PPSN 2022: 25 Years of LeadingOnes (and Other Great Ideas)

A Scientific Workshop at PPSN 2022 Revisiting Günter Rudolph's Dissertation

Aims and topics of the workshop: 25 years ago, the doctoral dissertation of Günter Rudolph was published. It contained a huge number of ideas, many of which had a profound influence on the at that time very young field of runtime analyses of evolutionary algorithms. In this scientific workshop, we shall take a new look into this classic work. We will showcase some central ideas and concepts from this dissertation, we will discuss what follow-up works they triggered and what are the current best approaches to these problems today, and we will highlight the main open questions related to these topics.

Target audience: PPSN attendees interested in the topic of the workshop, either from a historical point of view or an interest in current theoretical research on topics started already in Günter Rudolph's dissertation.

Workshop Program

Time Speaker(s) Title
13:30–13:40 Organizers Opening
13:40–14:20 Frank Neumann On the Impact of Function 5.26
14:20–15:00 Dirk Arnold Convergence Properties of Evolutionary Algorithms in Continuous Search Spaces:
A Review of Chapter 6 in Günter Rudolph's Dissertation
Coffee Break
15:15–15:55 Martin Krejca The Precursor of Theory for Discrete EAs: What Happened 25 Years Ago?
15:55–16:35 Michael Emmerich and Ksenia Pereverdieva Design and Convergence Analysis of Evolution Strategies for General Search Spaces:
From Integer Evolution Strategies to the Design of Chemical Plants and Building Designs
16:35–16:45 Organizers Closing


Benjamin Doerr
Tobias Glasmachers
Thomas Jansen
Carsten Witt

Biosketches of the Organizers

Benjamin Doerr is a full professor at the French École Polytechnique. He received his diploma (1998), PhD (2000) and habilitation (2005) in mathematics from Kiel University. His research area is the theory of both problem-specific algorithms and randomized search heuristics like evolutionary algorithms. Major contributions to the latter include runtime analyses for existing evolutionary algorithms, the determination of optimal parameter values, and complexity theoretic results. Benjamin's recent focus is the theory-guided design of novel operators, on-the-fly parameter choices, and whole new evolutionary algorithms, hoping that theory not only explains, but also develops evolutionary computation. Together with Frank Neumann and Ingo Wegener, Benjamin Doerr founded the theory track at GECCO and served as its co-chair 2007-2009 and 2014. He is a member of the editorial boards of "Artificial Intelligence", "Evolutionary Computation", "Natural Computing", "Theoretical Computer Science", and three journals on classic algorithms theory.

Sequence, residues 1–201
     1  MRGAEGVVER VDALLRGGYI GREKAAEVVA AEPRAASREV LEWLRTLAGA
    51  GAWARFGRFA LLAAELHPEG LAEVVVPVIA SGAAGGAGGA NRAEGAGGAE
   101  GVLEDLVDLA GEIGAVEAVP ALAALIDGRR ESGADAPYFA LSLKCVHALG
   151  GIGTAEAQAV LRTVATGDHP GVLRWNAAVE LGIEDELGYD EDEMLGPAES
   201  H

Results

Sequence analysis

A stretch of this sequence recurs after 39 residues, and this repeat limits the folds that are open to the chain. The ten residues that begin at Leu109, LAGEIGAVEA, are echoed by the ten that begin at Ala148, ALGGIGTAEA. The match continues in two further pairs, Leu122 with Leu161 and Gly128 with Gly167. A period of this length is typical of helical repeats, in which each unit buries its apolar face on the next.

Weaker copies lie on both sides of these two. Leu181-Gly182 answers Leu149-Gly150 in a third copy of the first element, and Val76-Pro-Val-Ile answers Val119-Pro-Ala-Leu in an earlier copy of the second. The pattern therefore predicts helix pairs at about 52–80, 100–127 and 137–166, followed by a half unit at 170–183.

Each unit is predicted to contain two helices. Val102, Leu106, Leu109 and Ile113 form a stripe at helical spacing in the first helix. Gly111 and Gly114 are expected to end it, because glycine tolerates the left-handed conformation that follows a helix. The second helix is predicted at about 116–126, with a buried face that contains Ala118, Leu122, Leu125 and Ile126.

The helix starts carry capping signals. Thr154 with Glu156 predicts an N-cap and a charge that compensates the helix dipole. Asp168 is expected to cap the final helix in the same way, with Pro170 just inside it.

Tobias Glasmachers is a professor at the institute for neural computation at the Ruhr-University of Bochum, Germany. He received his PhD from the faculty of Mathematics of the same university in 2008. Afterwards he joined the Swiss AI lab IDSIA for two years, where he was involved in developing natural evolution strategies. In 2012 he returned to Bochum as a junior professor, and he was appointed full professor in 2018. His research interests are optimization and machine learning. In the context of evolutionary algorithms he is interested in algorithm design and analysis of evolution strategies for single- and multi-objective optimization.

Thomas Jansen is Senior Lecturer and Head of the Department of Computer Science at Aberystwyth University (Wales, UK). He received his diploma (1996) and PhD (2000) from the Technical University Dortmund (Germany). He was a Post-Doc at Kenneth De Jong's EClab at the George Mason University (Fairfax, VA; 2001-2002), Junior Professor for Computational Intelligence at the Technical University Dortmund (Germany; 2002-2009) and Stokes Lecturer at University College Cork (Ireland; 2009-2013). His research area is analysis and design of randomised search heuristics including evolutionary algorithms, simulated annealing and artificial immune systems. Jointly with his PhD advisor Ingo Wegener he has developed methods for the runtime analysis of evolutionary algorithms and introduced black-box complexity. He is Associate Editor for Evolutionary Computation (MIT Press) and IEEE Transactions on Evolutionary Computation.

Carsten Witt is a professor at the Technical University of Denmark. He received his diploma and Ph.D. in Computer Science from the Technical University of Dortmund in 2000 and 2004, respectively. Carsten's main research interests are the theoretical aspects of randomized search heuristics, in particular evolutionary algorithms and estimation-of-distribution algorithms. He has given tutorials about the theoretical foundations of nature-inspired search heuristics both at PPSN and GECCO. Carsten Witt is a member of the steering committee of the international Theory of Randomized Search Heuristics (ThRaSH) workshop, which he co-organized both in physical and online format, and a member of the editorial boards of Evolutionary Computation, Artificial Intelligence and Theoretical Computer Science. He has been co-organizer of FOGA 2017 and of Dagstuhl research seminars on evolutionary algorithms and estimation-of-distribution algorithms.